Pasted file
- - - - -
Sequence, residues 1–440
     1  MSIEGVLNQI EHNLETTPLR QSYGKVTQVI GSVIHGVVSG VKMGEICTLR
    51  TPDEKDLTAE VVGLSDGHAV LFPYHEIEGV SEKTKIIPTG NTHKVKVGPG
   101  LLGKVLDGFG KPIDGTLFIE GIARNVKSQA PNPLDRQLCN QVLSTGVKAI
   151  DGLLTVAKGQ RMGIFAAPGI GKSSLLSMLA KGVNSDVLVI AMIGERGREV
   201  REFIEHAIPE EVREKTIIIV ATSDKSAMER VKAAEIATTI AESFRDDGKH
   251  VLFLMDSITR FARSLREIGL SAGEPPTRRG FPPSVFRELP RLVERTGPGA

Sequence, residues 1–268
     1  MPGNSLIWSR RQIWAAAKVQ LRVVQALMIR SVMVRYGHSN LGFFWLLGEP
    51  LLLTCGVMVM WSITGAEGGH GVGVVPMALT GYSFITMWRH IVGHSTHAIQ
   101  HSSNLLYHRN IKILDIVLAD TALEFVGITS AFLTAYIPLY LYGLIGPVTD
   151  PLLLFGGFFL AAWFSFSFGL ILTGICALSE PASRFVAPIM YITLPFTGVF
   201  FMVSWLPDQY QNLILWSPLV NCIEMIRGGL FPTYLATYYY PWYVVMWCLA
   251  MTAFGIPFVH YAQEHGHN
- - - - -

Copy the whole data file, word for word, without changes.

Sequence, residues 1–440
     1  MSIEGVLNQI EHNLETTPLR QSYGKVTQVI GSVIHGVVSG VKMGEICTLR
    51  TPDEKDLTAE VVGLSDGHAV LFPYHEIEGV SEKTKIIPTG NTHKVKVGPG
   101  LLGKVLDGFG KPIDGTLFIE GIARNVKSQA PNPLDRQLCN QVLSTGVKAI
   151  DGLLTVAKGQ RMGIFAAPGI GKSSLLSMLA KGVNSDVLVI AMIGERGREV
   201  REFIEHAIPE EVREKTIIIV ATSDKSAMER VKAAEIATTI AESFRDDGKH
   251  VLFLMDSITR FARSLREIGL SAGEPPTRRG FPPSVFRELP RLVERTGPGA

Sequence, residues 1–268
     1  MPGNSLIWSR RQIWAAAKVQ LRVVQALMIR SVMVRYGHSN LGFFWLLGEP
    51  LLLTCGVMVM WSITGAEGGH GVGVVPMALT GYSFITMWRH IVGHSTHAIQ
   101  HSSNLLYHRN IKILDIVLAD TALEFVGITS AFLTAYIPLY LYGLIGPVTD
   151  PLLLFGGFFL AAWFSFSFGL ILTGICALSE PASRFVAPIM YITLPFTGVF
   201  FMVSWLPDQY QNLILWSPLV NCIEMIRGGL FPTYLATYYY PWYVVMWCLA
   251  MTAFGIPFVH YAQEHGHN